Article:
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Queens Chronicle

Who’s winning in 6th CD? Depends

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Posted: Thursday, October 25, 2012 10:30 am | Updated: 8:01 pm, Thu Nov 1, 2012.

The race for the 6th Congressional District has now turned into a war over polling. Mainly, whose is better?

An internal poll released Monday by Councilman Dan Halloran (R-Whitestone) shows the Republican within the margin of error against his opponent Assemblywoman Grace Meng (D-Flushing) in the 6th Congressional District race.

Conversely, an internal poll conducted by the Meng campaign shows the councilman behind by a sizable margin.

Halloran’s poll shows Meng leading 36 percent to 33 percent, with 30 percent of respondents undecided. The tally puts Halloran within the margin of error. It was conducted on Oct. 10 and 11 by McLaughlin and Associates and paid for by the Republican’s campaign.

“The poll confirms that Dan Halloran is on his way to winning this race,” said Halloran spokesman Kevin Ryan in a press release. “Dan won over Democrats in his Council race and he is doing it again in the heart of Queens.”

The Meng camp dismissed the results outright, pointing to its own internal polling, which shows the assemblywoman leading 51 percent to 22 percent with 27 percent of respondents undecided in a poll of 400 district voters.

“Leave it to Dan Halloran to release a tailor-made poll,” said Meng spokesman Austin Finan. “Once again, Dan Halloran just makes things up and expects no one to question him.”

The Meng camp did not provide the name of its polling firm. At no point in its polling did Halloran receive support from more than 24 percent of respondents.

Internal polls serve many purposes and their public release is rather common, according to political consultant Andrew Moesel of Shienkopf LTD.

Typically they are used to gauge a candidate’s viability in a race, as well as which message would best resonate with voters. Their release to the public is also part of that message control, signaling to supporters a candidate’s continued viability in a race many may have written off.

“I think that because of the national climate, we have more people paying attention to polls,” Moesel said. “The public has been educated to seeing these polls and understanding them every day. If these polls had come out two months ago, would anyone have noticed? No.”

Halloran’s poll paints the picture of an electorate that prefers the Republican once it gets to know both candidates. Among respondents who are familiar with both nominees, the poll indicates Halloran leads 40 percent to 35 percent. That lead jumps by 21 points when respondents have established a firm opinion of both candidates, with the councilman leading 61 percent to 33 percent.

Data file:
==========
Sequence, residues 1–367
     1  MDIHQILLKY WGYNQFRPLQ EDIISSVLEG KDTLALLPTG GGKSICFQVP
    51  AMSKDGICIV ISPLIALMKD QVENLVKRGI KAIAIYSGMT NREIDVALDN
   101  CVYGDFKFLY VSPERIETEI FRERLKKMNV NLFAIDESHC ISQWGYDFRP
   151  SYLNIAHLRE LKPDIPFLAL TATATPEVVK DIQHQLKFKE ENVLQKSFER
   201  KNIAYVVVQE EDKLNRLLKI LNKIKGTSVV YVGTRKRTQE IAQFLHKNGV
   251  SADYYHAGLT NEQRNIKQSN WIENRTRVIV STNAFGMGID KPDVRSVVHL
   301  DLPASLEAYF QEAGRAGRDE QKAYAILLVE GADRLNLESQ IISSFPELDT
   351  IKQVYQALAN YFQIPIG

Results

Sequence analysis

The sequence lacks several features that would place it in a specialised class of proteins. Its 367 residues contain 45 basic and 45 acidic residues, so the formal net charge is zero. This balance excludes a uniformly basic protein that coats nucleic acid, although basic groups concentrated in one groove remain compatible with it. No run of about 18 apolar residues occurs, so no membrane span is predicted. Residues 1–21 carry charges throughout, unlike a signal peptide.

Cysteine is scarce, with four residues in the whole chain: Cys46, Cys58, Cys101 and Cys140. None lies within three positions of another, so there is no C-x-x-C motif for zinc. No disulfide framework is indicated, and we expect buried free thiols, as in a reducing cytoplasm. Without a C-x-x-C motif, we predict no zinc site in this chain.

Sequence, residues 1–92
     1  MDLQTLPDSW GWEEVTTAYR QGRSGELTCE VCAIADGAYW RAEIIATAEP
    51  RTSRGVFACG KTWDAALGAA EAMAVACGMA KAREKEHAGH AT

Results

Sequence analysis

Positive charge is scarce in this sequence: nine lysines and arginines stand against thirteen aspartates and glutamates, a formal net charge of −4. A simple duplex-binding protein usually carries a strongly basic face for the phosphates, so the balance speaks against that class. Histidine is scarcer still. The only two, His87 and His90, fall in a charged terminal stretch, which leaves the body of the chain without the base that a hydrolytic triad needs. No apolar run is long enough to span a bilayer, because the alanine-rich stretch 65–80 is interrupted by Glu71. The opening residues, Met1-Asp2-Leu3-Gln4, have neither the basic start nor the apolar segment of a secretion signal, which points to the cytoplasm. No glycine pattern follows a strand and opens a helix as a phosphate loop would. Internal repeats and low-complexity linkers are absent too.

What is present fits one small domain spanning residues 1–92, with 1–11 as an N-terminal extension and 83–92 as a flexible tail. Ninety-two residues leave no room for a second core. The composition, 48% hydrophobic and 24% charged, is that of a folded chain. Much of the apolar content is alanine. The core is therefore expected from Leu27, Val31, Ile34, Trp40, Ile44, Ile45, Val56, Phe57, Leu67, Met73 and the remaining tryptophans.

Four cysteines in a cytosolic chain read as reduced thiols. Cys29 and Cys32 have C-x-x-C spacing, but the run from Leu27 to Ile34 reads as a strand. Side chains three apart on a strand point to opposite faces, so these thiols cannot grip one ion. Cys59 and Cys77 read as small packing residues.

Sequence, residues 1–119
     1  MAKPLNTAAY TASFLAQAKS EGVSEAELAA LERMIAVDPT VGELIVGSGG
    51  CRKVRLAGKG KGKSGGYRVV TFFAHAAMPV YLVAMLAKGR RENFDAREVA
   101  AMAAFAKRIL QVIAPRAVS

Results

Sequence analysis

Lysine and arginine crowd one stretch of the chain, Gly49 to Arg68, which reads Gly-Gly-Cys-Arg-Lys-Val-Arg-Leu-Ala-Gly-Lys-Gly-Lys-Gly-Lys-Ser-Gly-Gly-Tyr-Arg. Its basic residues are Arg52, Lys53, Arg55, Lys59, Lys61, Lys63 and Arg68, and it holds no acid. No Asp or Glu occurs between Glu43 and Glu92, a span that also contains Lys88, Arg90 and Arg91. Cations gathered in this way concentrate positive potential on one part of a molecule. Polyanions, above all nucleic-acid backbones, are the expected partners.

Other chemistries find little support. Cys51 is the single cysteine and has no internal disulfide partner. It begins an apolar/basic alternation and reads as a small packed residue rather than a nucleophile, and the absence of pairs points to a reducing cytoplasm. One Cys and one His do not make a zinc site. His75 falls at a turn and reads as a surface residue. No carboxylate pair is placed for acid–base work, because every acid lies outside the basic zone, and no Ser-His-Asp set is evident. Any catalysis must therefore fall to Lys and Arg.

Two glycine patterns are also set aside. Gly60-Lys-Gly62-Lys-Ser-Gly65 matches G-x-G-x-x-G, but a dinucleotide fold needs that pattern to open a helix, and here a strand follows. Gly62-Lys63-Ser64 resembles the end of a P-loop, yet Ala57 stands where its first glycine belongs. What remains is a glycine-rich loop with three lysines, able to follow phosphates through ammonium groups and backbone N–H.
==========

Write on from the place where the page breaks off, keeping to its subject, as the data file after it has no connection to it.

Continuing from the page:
The poll also found Mitt Romney leading among the 300 respondents, 46 percent to 43 percent. The results, if accurate, would be a big swing for a district in which Republican John McCain only garnered 36 percent of the vote in the 2008 presidential campaign — though redrawn district lines have significantly changed the makeup of the electorate.

The race for the 6th CD has taken several distinct turns, at times ranging from accusations of racial politicking to, in its most recent incarnation, a battle between the haves and have-mores. But the populist tone typically used by Democrats has been co-opted by Halloran, who has begun using Meng’s personal financial wealth against the assemblywoman.

“Dan Halloran is ranked the No. 1 New York City Councilman for constituent services and voters know it,” Ryan added. “You can’t buy a record like that, even if you’re a multimillionaire like Grace Meng.”

Finan countered that the poll results released by Halloran lack an accompanying methodology to back-up his claims, dismissing them as bait for the Republican Party’s farthest-right faction.

“This ‘poll’ is nothing more than a desperate attempt on behalf of the Halloran campaign to raise money from its far-right, radical Tea Party base of support,” he said.

How effective a tactic is a poll’s release and ensuing bickering? The answer, according to Moesel, is “it depends.” It will neither make or break a candidate, but it could provide an extra push for one.

“Of course,”he added, “there’s the old saying, ‘Never trust a poll; they’re just a bunch of people too dumb to get out of a survey.’”

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